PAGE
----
To win? Save your money. There are plenty of reasons to be optimistic about Westwood not only this week but also heading into the years final major. At the Open he putted as well as he ever has, proving to be a quick study under newly hired putting coach Ian Baker-Finch. But by the end of the final round it was abundantly clear that Westys ball-striking, not his oft-maligned short game, had kept him from the claret jug. Uncharacteristic, to be sure, but merely the product of his brief but ongoing work with swing coach Sean Foley. Hes had two solid weeks to hash things out. This week hell be in the mix again ' three top 10s in his last five starts at Firestone ' but its difficult to see him picking up win No. 1 this season in Ohio. Wait for the PGA to dole out your cash.


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S.Y. Kim leads Kang, A. Jutanugarn in Shanghai

By Associated PressOctober 19, 2018, 10:24 am

SHANGHAI  -- Sei Young Kim led the LPGA Shanghai by one stroke at the halfway point after shooting a 5-under-par 67 in the second round on Friday.

Kim made six birdies, including four straight from the sixth hole, to move to a 10-under 134 total. Her only setback was a bogey on the par-4 15th.

Kim struggled in the first half of the year, but is finishing it strong. She won her seventh career title in July at the Thornberry Creek Classic, was tied for fourth at the Women's British Open, and last month was runner-up at the Evian Championship.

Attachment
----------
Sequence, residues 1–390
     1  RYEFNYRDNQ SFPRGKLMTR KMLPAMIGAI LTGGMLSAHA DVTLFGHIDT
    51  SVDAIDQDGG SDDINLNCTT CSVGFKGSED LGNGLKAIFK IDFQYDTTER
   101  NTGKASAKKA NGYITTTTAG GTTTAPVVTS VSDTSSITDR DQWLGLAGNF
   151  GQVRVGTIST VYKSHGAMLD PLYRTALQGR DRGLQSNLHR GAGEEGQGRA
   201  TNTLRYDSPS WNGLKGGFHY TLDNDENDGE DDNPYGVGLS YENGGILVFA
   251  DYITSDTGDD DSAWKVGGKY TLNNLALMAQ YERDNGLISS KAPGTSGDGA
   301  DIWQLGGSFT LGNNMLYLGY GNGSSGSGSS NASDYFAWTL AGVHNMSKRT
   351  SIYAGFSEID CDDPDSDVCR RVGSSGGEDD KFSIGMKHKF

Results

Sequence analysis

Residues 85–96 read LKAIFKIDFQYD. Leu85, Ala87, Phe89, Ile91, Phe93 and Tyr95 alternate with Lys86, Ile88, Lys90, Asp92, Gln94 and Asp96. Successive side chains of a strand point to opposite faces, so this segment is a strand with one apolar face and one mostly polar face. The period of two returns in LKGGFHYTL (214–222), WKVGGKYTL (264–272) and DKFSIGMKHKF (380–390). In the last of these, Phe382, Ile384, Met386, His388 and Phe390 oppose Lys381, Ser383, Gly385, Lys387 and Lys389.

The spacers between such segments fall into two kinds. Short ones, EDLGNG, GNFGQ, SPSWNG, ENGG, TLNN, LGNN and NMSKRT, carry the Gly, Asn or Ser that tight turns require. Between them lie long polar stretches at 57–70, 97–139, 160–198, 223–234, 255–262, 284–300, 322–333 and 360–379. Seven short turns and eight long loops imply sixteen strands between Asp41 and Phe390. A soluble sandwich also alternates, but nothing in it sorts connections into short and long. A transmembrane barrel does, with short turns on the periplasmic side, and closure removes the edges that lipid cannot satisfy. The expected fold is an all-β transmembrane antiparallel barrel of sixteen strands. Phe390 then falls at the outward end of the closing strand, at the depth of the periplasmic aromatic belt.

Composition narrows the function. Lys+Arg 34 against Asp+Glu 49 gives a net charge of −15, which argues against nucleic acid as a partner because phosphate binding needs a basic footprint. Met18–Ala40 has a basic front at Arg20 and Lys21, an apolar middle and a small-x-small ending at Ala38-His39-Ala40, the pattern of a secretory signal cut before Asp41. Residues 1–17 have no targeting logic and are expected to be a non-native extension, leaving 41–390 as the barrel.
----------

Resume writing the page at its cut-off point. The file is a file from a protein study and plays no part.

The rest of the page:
''I made huge big par putts on 10, 11, 12,'' Kim said on Friday. ''I'm very happy with today's play.''

Danielle Kang (68) and overnight leader Ariya Jutanugarn (69) were one shot back.


Buick LPGA Shanghai: Articles, photos and videos


''I like attention. I like being in the final group. I like having crowds,'' Kang said. ''It's fun. You work hard to be in the final groups and work hard to be in the hunt and be the leader and chasing the leaders. That's why we play.''

She led into the last round at the Hana Bank Championship last week and finished tied for third.

Brittany Altomare had six birdies in a bogey-free round of 66, and was tied for fourth with Bronte Law (68) and Brittany Lincicome (68).

Angel Lin eagled the par-5 17th and finished with the day's lowest score of 65, which also included six birdies and a lone bogey.

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'Caveman golf' puts Koepka one back at CJ Cup

By Associated PressOctober 19, 2018, 10:12 am

JEJU ISLAND, South Korea – Brooks Koepka, recently named the PGA Tour Player of the Year, gave himself the perfect opportunity to become the No. 1 player in the world when he shot a 7-under par 65 to move to within one shot of the lead in the CJ Cup on Friday.

At the Nine Bridges course, the three-time major champion made an eagle on his closing hole to finish on 8-under par 136 after two rounds, just one stroke behind Scott Piercy, who was bogey-free in matching Koepka's 65.

With the wind subsiding and the course playing much easier than on the opening day when the scoring average was 73.26, 44 players – more than half the field of 78 – had under-par rounds.

Overnight leader Chez Reavie added a 70 to his opening-round 68 to sit in third place at 138, three behind Piercy. Sweden's Alex Noren was the other player in with a 65, which moved him into a tie for fourth place alongside Ian Poulter (69), four out of the lead.

The best round of the day was a 64 by Brian Harman, who was tied for sixth and five behind Piercy.


Full-field scores from the CJ Cup

CJ Cup: Articles, photos and videos


The 28-year-old Koepka will move to the top of the world rankings when they are announced on Monday if he wins the tournament.

Thomas, playing alongside Koepka, matched Koepka's eagle on the last, but that was only for a 70 and he is tied for 22nd place at 1 under.

Koepka's only bogey was on the par-5 ninth hole, where he hit a wayward tee shot. But he was otherwise pleased with the state of his ''caveman golf.''